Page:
1. Marcia: There have been claims that natural sourdough yeasts break down carbohydrates and proteins like gluten so that there’s less carbohydrate and gluten in the finished bread. If you buy into this claim, you’re also claiming that natural yeasts do this more effectively than commercial yeast–we have no idea if that’s true. It’s not at all clear to anyone that a slight decrease in carbs and gluten has any effect on the health qualities of the bread, so we never make this kind of health claim.

      When we do sourdough, it’s because we think it’s delicious–best reason to do anything!

      1. Hi Jeff and Marcia,

        Here’s my take from my research: Natural (sour dough) vs’ Commercial Yeast – no difference other than one yeast is natural and the other is commercial, although, I have found an organic prepackaged yeast (it is not fast acting, so a recipe that says to proof for 1 hour, you’re looking at closer to 1.5 – 2 hrs) that is a true yeast and not artificial (which is what all commercial yeast is). So, it boils down to what I call personal preference on the yeast or no yeast added. As for the lower gluten or digestibility – I do believe that it helps, but only for those with gluten sensitivities and not those with true gluten allergies. Even for myself, who has absolutely no issues with gluten prefer taking the time to make sourdough or the ABIn5 method, as it does seem to make a difference in how I feel afterword. Whenever I make my sourdough or my ABIn5 breads, I let it sit in the fridge overnight (at least 12 hours) at least 99% of the time. There are those rare occasions when I want bread the same day though! There is scientific proof that allowing the flour to soak overnight does break down the phytic (I think that’s the word!) acid that makes the final bread easier for your body to digest which allows your body to then absorb more of the nutrients. Then again, I also use about 90% fresh ground flours in all the bread I bake, so this may be more noticeable in the fresh ground flours than in the basically nutrition-less flours you find on the store shelves, even the whole wheat stuff (in my opinion!!!!!!!!). Do I have any personal scientific evidence to back any of this up – nope! Not a scientist, just sharing what I have found in my research and experienced personally. 🙂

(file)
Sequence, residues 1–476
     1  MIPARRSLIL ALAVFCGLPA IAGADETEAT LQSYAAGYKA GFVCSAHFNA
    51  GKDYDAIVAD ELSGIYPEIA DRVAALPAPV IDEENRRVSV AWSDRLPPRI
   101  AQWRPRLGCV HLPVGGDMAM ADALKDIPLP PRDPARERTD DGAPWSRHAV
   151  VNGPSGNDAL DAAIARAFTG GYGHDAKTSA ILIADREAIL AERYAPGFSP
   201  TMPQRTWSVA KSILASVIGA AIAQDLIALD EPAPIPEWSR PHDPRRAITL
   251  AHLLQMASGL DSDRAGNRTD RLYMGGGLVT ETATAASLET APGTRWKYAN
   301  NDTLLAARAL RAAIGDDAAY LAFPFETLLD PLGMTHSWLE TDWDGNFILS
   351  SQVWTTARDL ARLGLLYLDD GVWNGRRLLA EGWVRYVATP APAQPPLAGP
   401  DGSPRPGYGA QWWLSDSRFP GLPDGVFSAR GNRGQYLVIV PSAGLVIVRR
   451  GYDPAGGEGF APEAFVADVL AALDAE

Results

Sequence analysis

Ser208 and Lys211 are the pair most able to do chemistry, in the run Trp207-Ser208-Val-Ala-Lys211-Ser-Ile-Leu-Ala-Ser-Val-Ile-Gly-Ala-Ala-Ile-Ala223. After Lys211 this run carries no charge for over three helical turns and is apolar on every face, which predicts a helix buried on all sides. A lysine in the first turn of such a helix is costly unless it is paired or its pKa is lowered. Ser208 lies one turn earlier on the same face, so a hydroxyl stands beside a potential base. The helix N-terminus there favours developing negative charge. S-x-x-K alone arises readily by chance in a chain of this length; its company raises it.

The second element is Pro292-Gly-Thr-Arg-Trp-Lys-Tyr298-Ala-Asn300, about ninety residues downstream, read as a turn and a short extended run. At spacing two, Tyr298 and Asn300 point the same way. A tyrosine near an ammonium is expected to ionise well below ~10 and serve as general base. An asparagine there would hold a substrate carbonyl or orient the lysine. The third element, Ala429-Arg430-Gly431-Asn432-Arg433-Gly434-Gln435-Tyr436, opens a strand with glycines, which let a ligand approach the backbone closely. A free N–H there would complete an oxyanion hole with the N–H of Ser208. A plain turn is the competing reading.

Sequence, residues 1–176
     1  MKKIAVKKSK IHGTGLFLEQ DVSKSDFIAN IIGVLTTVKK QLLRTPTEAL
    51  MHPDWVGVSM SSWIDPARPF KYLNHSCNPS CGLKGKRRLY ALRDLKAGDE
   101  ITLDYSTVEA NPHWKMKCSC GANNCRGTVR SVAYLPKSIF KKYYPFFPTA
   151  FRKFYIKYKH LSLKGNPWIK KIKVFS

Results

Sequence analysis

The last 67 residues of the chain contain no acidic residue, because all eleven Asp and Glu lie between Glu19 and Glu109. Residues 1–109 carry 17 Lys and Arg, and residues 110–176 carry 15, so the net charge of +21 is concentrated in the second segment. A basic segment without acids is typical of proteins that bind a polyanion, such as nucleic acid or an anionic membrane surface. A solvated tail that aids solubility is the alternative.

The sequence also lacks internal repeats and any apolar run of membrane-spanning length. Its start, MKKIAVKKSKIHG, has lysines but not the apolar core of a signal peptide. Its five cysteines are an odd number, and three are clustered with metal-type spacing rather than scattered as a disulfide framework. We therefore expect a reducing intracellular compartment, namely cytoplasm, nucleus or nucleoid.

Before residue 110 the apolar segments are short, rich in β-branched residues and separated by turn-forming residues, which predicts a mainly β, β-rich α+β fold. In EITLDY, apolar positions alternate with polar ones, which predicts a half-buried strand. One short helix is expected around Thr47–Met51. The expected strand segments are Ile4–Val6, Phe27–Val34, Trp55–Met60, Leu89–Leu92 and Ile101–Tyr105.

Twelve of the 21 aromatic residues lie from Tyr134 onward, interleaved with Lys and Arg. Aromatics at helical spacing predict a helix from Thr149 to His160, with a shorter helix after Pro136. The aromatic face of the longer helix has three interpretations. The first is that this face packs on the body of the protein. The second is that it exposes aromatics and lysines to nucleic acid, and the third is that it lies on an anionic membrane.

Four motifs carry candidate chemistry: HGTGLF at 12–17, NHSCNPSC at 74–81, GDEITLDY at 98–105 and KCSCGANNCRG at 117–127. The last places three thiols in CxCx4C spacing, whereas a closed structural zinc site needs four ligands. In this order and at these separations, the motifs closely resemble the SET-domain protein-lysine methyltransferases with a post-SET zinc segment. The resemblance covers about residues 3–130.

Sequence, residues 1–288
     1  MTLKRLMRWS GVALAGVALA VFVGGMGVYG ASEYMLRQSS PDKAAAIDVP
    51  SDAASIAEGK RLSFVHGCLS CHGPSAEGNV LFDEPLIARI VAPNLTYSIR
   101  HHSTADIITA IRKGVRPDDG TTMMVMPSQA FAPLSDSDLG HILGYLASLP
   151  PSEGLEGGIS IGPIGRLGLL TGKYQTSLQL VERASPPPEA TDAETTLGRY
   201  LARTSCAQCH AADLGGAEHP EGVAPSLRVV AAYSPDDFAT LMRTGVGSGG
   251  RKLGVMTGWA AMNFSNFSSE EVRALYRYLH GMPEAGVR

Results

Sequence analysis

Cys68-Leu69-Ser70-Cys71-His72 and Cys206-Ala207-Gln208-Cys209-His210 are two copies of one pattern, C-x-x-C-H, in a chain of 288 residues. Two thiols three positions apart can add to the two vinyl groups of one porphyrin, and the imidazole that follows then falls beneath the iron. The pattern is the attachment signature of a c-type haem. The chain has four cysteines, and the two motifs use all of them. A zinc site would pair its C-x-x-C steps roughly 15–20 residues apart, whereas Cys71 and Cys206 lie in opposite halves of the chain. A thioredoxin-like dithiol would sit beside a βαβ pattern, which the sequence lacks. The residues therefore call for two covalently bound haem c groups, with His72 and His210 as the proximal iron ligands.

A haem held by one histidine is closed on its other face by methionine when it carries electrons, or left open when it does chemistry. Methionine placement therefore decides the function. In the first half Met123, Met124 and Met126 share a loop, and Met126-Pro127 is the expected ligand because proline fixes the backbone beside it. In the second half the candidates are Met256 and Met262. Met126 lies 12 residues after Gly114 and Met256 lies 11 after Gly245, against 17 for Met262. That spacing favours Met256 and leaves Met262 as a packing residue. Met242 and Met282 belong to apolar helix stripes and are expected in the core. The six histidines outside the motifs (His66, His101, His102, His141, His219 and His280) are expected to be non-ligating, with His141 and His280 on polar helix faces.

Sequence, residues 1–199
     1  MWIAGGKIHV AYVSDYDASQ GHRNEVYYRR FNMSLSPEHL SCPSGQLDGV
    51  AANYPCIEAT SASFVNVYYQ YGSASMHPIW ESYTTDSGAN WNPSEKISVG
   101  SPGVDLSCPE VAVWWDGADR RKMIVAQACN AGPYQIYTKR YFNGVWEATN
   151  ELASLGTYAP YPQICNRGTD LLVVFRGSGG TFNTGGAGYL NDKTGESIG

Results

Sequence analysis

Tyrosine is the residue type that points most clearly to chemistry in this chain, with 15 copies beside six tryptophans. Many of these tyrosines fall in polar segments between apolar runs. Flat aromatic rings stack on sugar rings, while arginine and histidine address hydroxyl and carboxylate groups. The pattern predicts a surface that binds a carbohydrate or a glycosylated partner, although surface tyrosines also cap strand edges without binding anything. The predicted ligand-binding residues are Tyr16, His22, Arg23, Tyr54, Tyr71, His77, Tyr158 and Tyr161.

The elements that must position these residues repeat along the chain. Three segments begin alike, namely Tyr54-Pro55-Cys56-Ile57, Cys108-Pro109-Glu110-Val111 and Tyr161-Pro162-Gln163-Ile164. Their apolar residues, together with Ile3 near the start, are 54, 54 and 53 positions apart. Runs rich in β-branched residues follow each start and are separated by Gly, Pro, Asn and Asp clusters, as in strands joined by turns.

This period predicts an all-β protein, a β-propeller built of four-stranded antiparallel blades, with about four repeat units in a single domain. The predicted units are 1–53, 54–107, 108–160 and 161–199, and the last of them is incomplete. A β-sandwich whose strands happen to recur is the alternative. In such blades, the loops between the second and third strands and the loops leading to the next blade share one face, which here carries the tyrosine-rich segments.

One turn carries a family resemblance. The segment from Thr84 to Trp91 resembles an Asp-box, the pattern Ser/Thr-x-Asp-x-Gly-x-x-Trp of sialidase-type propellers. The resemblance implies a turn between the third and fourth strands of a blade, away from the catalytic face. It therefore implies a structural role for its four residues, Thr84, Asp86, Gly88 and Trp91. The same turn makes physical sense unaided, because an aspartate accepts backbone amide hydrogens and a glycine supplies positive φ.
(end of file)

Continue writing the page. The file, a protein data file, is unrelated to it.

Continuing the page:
19. Is my water too wet? I made some good batches with steady improvements but the last three have been too wet to handle. The very first was too wet so increased flour by 1/8 c. and that worked well for several batches. but now worse than ever. This has been over several months, in wet and dry weather, hot and cold weather, with various brands of flour– Gold Medal, King Arthur, White Lily.

    Keep adding flour?

  20. Why use plastic wrap to cover rye bread dough while it waits 90 min pre baking? The wrap sticks and deflates the loaf when removed. I’ve read on other sites to lightly oil the plastic wrap or use a shower cap. However I really dislike using so much plastic wrap. What function does the plastic wrap serve? To trap gas, keep dough moist while rising? Would covering the dough with a tall aluminum baking pan work? Love both your Healthy Bread and Artisan books and the wonderful sourdough Master Recipe: Boule. Thanks so much!

    1. keeps surface from drying out, but there are other strategies that don’t touch the fragile surface. Your idea will work great, or anything like it (which creates a humid environment).

Leave a Reply

Your email address will not be published. Required fields are marked *